The plan worked and eventually a party of armed SWAPO walked into one of the ambushes. The Recces opened fire and killing three, the survivors fleeing back along their tracks.
Getting the Land-Rovers from their hides, Jan Breytenbach ordered a motorised follow-up. He took command of the lead vehicle, while Sergeant Dewald de Beer perched himself on the bonnet so that they could follow the spoor.
Suddenly de Beer waved the vehicle to a halt, urgently indicating that Jan should join him at the front so they could jointly examine the spoor.
“Looks bloody fresh to me,” Jan Breytenbach said.
“As a matter of fact, sir, “Dewald said quietly, “I think we could be standing in the killing ground of their ambush.”
Jan Breytenbach debussed the others and quickly apprised them of their peril. He ordered the drivers to stay with the vehicles and the rest to fan out for a sweep.
Sergeant Koos Moorcroft, one of the drivers, tried to restart his stalled vehicle but the engine failed to fire. He called Sergeant Trevor Floyd, the driver of the second vehicle, and reported the problem.
Neither had particularly appreciated the seriousness of Jan Breytenbach’s caution of impending peril. On Trevor Floyd’s part at least, it was probably because he was slightly deaf. Koos lifted the bonnet and fiddled with the points and plugs.
Meanwhile the sweep line had come across a cache of SWAPO backpacks. It was clear the insurgents were in ambush, but the South Africans had unwittingly failed to play the game by the rules. They had entered the killing ground on the wrong side by 180 degrees. Having triggered the ambush, SWAPO had obviously intended to grab their packs and duck out. Now, unfortunately for them, the Recces were astride their escape route.
Sergeant Moorcraft and Sergeant Major Floyd were concentrating on more mundane mechanical problems when the former sensed rather than heard a twig snap in the nearby bush.
“There’s something out there,” he said
“What’s that?” Trevor asked.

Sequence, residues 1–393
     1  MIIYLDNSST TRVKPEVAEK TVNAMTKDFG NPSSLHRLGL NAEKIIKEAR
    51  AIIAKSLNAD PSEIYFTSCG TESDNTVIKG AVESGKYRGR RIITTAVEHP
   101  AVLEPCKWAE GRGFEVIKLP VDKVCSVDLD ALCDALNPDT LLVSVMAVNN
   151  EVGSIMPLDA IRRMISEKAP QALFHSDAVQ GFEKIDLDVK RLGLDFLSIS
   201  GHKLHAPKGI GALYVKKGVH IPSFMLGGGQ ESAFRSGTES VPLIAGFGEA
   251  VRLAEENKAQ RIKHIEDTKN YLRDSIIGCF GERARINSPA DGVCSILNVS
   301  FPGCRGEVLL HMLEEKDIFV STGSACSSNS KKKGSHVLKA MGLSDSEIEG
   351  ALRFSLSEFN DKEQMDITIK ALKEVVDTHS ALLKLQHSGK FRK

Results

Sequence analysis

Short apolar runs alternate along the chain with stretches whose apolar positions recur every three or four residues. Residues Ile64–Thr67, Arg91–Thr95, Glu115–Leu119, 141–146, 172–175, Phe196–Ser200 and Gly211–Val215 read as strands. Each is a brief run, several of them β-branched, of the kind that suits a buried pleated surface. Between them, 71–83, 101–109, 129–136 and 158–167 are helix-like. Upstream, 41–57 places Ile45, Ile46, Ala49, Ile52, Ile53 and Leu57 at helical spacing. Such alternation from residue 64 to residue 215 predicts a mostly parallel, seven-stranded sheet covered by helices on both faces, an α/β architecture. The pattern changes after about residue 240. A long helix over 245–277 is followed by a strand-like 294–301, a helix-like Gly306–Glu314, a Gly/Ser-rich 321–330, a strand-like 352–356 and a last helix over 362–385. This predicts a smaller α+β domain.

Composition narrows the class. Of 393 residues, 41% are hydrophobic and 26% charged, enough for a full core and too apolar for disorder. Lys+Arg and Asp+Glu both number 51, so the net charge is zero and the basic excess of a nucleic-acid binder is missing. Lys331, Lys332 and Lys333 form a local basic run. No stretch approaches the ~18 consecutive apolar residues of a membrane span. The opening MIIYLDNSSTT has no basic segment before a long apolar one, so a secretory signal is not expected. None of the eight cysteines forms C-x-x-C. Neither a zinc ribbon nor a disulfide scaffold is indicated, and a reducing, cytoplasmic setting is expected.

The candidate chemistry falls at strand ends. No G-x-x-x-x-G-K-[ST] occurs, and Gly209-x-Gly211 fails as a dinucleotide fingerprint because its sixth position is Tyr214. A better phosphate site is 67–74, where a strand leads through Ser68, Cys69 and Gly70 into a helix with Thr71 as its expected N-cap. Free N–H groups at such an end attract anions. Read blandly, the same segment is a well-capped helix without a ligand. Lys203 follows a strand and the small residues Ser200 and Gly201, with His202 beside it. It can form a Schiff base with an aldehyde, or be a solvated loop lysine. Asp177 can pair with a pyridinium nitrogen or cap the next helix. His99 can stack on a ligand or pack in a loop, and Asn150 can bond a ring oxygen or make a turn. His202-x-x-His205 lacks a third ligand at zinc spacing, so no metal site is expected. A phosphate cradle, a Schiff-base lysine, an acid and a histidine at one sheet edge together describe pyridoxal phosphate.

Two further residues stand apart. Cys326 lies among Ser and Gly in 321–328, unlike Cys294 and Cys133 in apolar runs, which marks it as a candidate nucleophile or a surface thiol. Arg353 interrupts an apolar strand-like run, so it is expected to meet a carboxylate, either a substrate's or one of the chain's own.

Koos repeated himself, feeling no hint of impending danger. He was still busy with the engine, so he asked Trevor to investigate.
Trevor straightened up from the bonnet and scanned the bush, looking at it section by section. His heart lurched, as his eyes locked on those of a SWAPO guerrilla, in cover only 10 metres away on the far side of the truck.
“Terrs,” he yelled.
He ducked, grabbed a MG from the truck, laid it across the engine compartment and opened fire.
Lieutenant Freddy Zeelie and Corporal Hildebrand, to the left of the sweep line, swung straight into the attack as Trevor opened fire. Hildebrand was pinned down, but Freddie Zeelie, without a thought for his personal safety and in spite of the dangers to which he was exposed, stormed the ambush and shot an enemy machine-gunner. He was killed in the process.
There was a continuous crackle as both sides opened fire.
In the confusion, Jan Breytenbach experienced difficulty in understanding what was happening. To overcome this he bawled out to Lieutenant Zeelie on his left flank for a sitrep.
Freddie Zeelie did not reply so he shouted again.
“The lieutenant’s been floored,” Corporal Hildebrand shouted back.
“Where are you Hildebrand,” Jan yelled.
“Over here, sir,” he said hoarsely.
“I am looking at them. There is a machine gun in front shooting at me, sir.”
“I’m almost looking down the barrel, sir.”
The contact lasted about fifteen minutes, with neither side suffering any further casualties. Eventually SWAPO broke off the action and fled.
Lieutenant Freddie Zeelie was the first Recce operator killed in action.
From “Cross of Honour” by Ian Uys and “We Fear Naught but God” by Paul Els.
Freddy Zeelie went to school in Alberton, where he became a champion backstroke swimmer in the town club. In 1970 he attended the Army Gymnasium in Heidelberg and became a candidate officer.